Germany: No entitlement to statutory severance payment where employee files a claim for unfair dismissal

January 3, 2010

Where an employer offers a severance payment that is to be paid in
certain circumstances where an employee refrains from filing a claim for
unfair dismissal, it is not then obliged to pay the severance payment
if the employee fails to refrain from filing a claim

Under German law, an employee wishing to challenge any dismissal
must file a court claim within three weeks of the dismissal. Where an
employee does not file such a claim within this three week time period
the court will automatically rule that the dismissal was legally valid
(according to § 7 KSchG) even if the dismissal was, in fact, unfair.

Under the provisions of § 1a KSchG, an employer may offer an
employee a severance payment in circumstances where the employee is
being dismissed due to redundancy.

§ 1a KSchG provides that the employee is entitled to a severance
payment if he must allow a period of three weeks to elapse after receipt
of the relevant termination notice from his employer (§ 4, 1 KSchG)
before filing any claim with the Labour Court (which would ordinarily
claim that the employment contract is not terminated by the dismissal).

The entitlement to a severance payment in line with § 1a KSchG is
intended to offer an employee who is given notice, for reasons of
redundancy, a financial incentive to refrain from filing a claim against
unfair dismissal.  This, in turn, benefits the employer and protects it
from potentially time consuming and costly legal arguments about the
particular reason(s) for dismissal.  Furthermore, it removes any risk of
the employer losing the legal dispute and finding itself in the
situation where the employment contract with the dismissed employee
continues to be in effect. In such circumstances, the employer would
then have to pay the dismissed employee all wages which would have
accrued to him during the period of the hearing of the claim (without
having had any corresponding performance of duties from the employee).


In this case, an employee had received a notice of termination,
under which the employer intended to pay a severance payment in line
with § 1a KSchG.

Initially, the employee allowed the stipulated three week period to
elapse without filing a claim.  However, he changed his mind and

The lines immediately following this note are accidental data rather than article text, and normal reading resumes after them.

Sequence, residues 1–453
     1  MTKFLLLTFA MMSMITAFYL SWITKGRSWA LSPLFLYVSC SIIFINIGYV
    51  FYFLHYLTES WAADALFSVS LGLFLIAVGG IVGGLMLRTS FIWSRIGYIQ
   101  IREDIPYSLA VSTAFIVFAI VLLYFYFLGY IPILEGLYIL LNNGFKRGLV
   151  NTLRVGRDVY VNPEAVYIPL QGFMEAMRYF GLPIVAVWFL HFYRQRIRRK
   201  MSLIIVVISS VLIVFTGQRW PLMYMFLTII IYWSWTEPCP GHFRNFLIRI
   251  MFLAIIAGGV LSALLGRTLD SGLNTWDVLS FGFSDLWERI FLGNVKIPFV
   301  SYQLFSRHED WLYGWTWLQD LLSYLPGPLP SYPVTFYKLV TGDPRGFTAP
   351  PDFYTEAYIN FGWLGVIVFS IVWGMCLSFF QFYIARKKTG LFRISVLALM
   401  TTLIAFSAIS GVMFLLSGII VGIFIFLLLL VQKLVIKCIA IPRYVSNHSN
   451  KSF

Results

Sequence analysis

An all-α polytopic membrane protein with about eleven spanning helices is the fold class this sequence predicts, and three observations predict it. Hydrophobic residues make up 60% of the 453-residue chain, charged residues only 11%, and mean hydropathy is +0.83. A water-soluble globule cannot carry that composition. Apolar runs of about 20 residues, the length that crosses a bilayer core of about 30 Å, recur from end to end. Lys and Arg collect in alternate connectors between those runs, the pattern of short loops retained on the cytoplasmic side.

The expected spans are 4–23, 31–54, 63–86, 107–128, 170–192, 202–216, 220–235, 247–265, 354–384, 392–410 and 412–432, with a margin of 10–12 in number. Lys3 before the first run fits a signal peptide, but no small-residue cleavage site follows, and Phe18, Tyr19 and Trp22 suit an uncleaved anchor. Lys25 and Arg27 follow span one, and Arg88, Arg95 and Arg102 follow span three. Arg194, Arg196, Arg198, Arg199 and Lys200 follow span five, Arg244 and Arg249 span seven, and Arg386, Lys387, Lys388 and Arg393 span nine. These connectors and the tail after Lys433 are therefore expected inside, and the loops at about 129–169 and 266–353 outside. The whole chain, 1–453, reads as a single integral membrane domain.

subsequently filed a claim against the dismissal, arguing that he had
received the notice of termination later than he, in fact, had. On the
basis of this argument, the employee’s claim for  protection against
dismissal would still meet the three week period set out in § 4 (1)
KSchG.  However, the employee later abandoned his claim and his
dismissal was found to be valid.

In an additional claim, the employee subsequently demanded the
termination payment, to which he considered he was entitled under § 1a
KSchG, from his former employer.  He argued that he had let the three
week period elapse, as required.

The Federal Labour Court rejected the employee’s claim.  The Court
found that it is not the wording of § 1a KSchG which was decisive but
its purpose, which was to protect the employer against a legal claim for
dismissal. In filing his claim, the employee had demonstrated that he
did not accept the dismissal and, as such, the employer had been
subjected to a legal claim, defeating the purpose of § 1a KSchG. In such
circumstances, the employee was therefore no longer entitled to a
termination payment from the employer.

BAG 20th August, 2009, Az.: 2 AZR 267/08

For further information or to discuss any of the issues raised,
please contact Stefanie Andrelang (
on +49 89 24 22 30 0.

This article was produced by, and re-produced with kind permission
of, our correspondent firm in Germany, Keller Menz Rechtsanwälte.

Keller Menz


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